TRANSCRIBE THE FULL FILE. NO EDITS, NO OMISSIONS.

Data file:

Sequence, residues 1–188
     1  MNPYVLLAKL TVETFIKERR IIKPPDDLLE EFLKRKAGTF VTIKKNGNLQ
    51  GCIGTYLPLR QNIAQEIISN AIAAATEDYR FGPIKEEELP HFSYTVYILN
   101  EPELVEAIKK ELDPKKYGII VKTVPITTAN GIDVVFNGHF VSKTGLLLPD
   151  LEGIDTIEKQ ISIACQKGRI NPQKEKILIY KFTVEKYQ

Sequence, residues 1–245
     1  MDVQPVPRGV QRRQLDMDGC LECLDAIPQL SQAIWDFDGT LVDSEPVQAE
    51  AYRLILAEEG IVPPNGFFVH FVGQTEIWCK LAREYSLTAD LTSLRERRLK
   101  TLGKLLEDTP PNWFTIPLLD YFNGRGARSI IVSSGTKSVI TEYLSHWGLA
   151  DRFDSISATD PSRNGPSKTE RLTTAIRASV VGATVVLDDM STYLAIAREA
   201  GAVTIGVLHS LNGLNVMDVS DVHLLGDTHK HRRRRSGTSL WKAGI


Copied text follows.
Sequence, residues 1–188
     1  MNPYVLLAKL TVETFIKERR IIKPPDDLLE EFLKRKAGTF VTIKKNGNLQ
    51  GCIGTYLPLR QNIAQEIISN AIAAATEDYR FGPIKEEELP HFSYTVYILN
   101  EPELVEAIKK ELDPKKYGII VKTVPITTAN GIDVVFNGHF VSKTGLLLPD
   151  LEGIDTIEKQ ISIACQKGRI NPQKEKILIY KFTVEKYQ

Sequence, residues 1–245
     1  MDVQPVPRGV QRRQLDMDGC LECLDAIPQL SQAIWDFDGT LVDSEPVQAE
    51  AYRLILAEEG IVPPNGFFVH FVGQTEIWCK LAREYSLTAD LTSLRERRLK
   101  TLGKLLEDTP PNWFTIPLLD YFNGRGARSI IVSSGTKSVI TEYLSHWGLA
   151  DRFDSISATD PSRNGPSKTE RLTTAIRASV VGATVVLDDM STYLAIAREA
   201  GAVTIGVLHS LNGLNVMDVS DVHLLGDTHK HRRRRSGTSL WKAGI